'Land exchanges could provide legal backing for Regulation Law'

Former judge Oded Moderick feels that land exchanges, and not monetary compensation, could confer legitimacy on the Regulation Law.

Yoel Domb,

Amona. Land exchange?
Amona. Land exchange?
Amona PR division

Former District Court Judge Oded Moderick discussed with Arutz Sheva the Regulation Law which passed its first reading yesterday and claimed that one clause is missing which would make the law more constitutional.

Moderick, who lectures on law at the Ariel University, said that the idea of the Law, in principle, is right in that it ensures that people who have been living on land for a long time will continue to live there, while at the same time providing commensurate compensation to the claimants.

However, Moderick claimed, this on its own is not enough, because there is also a dispute whether the land belongs to the state as it claims or whether it belongs to the Palestinians who also stake a claim to the land. By providing monetary compensation to a private Palestinian owner for the land and transferring it to Jewish hands, the balance of lands held by Israel and the Palestinians changes.

Moderick feels that instead of monetary compensation, the law should allow for an exchange of private property seized by the state with other state lands which will be transferred to the Palestinians. In this way, the balance of lands held by Israel and the Palestinians will stay the same and the law will enable people to stay on private land if it was inadvertently confiscated by the state.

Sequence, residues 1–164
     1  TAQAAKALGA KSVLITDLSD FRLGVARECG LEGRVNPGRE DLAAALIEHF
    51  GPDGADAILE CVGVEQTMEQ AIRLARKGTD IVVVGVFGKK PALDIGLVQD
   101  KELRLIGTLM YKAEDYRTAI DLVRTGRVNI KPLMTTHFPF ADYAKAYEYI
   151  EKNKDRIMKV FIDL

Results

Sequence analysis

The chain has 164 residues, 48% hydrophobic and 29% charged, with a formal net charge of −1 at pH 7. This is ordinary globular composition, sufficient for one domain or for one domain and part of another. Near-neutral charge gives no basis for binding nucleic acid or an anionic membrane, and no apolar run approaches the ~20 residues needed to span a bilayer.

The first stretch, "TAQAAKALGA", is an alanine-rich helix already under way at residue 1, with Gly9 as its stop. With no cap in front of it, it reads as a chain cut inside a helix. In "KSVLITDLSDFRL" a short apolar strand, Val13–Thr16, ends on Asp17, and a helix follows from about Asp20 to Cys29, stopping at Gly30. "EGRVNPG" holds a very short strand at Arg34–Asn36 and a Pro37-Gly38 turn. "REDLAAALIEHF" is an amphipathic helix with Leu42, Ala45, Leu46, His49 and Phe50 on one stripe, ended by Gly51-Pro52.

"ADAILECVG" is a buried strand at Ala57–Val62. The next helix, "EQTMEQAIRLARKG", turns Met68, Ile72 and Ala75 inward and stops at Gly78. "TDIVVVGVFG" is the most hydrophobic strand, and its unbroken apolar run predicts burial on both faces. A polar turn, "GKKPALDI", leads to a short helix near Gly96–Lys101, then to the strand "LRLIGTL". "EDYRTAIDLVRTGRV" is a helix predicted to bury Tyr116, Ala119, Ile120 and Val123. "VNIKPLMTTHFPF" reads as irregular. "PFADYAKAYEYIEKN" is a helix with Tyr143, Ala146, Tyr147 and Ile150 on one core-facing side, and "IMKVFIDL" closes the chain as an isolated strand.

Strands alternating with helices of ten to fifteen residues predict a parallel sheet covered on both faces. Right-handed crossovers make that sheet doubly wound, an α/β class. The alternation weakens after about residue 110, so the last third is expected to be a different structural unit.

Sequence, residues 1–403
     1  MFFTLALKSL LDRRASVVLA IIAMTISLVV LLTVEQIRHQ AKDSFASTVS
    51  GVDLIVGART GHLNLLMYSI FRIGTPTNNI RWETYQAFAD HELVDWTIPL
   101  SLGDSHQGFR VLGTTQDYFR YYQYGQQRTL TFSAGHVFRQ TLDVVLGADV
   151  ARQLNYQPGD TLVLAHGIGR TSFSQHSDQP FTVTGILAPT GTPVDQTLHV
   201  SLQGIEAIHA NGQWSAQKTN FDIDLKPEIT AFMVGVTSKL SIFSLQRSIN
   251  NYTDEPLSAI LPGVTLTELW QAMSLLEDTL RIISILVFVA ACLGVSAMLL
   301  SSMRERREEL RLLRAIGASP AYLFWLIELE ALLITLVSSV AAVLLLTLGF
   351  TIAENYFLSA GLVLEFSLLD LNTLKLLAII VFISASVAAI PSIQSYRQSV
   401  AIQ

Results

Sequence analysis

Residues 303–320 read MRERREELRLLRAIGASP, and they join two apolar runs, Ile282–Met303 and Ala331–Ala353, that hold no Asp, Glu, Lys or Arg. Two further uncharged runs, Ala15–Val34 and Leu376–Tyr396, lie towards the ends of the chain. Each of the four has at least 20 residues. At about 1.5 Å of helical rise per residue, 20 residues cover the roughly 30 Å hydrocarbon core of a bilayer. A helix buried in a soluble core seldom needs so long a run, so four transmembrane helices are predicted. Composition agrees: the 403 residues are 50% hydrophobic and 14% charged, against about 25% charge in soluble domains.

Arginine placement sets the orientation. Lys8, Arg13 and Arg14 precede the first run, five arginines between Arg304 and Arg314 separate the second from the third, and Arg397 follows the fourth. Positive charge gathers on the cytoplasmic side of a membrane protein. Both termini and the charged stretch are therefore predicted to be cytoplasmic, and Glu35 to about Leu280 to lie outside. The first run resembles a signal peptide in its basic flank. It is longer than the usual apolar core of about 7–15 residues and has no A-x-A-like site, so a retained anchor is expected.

Moderick feels that the opposition to clause 7 in the law stemmed from the fact that it gave legal justification to outposts which had not been established on land which the state thought belonged to it. The idea in this clause was that if the state had provided infrastructure, then it recognized the rights of those who had established these outposts, even if they were on private land. However, Moderick claimed, this is incorrect from a legal point of view. The state had to provide infrastructure, but this could not be deemed de facto recognition of the rights of those who had established the outposts.

On the other hand communities established on land which was thought to be state land could receive protection from the Regulation Law.

If the Palestinian owner refused to receive alternative land, what then could be done?

"It's true that the Palestinian may not wish to receive land in exchange for his land, but there is a limit to how much we take his wishes into account. The state also has an interest and so too does the person who settled on the land. We can't cause him an injustice to prevent another injustice, which can hardly be termed an injustice if the Palestinian will receive alternative land.That is merely politically motivated and not due to an injustice."

What if the Palestinian is accused of relinquishing land to Jews and tried by Palestinian courts who may even punish him with death?

This is a possibility, but he can always point to the fact that he was coerced by the state to relinquish his land and received alternative lands in exchange.

Why then does the Attorney General oppose the Regulation Law even after the controversial clause 7 was removed from it?

"I don't know his reasons for opposing it. I know him personally to be a man of truth and if he says that the law will not pass in the High Court I imagine he has what to rely on or feels that way from a professional viewpoint. There is no political prestige involved here, this is his unbiased professional opinion, but even an attorney of that ability can reach disputable positions."




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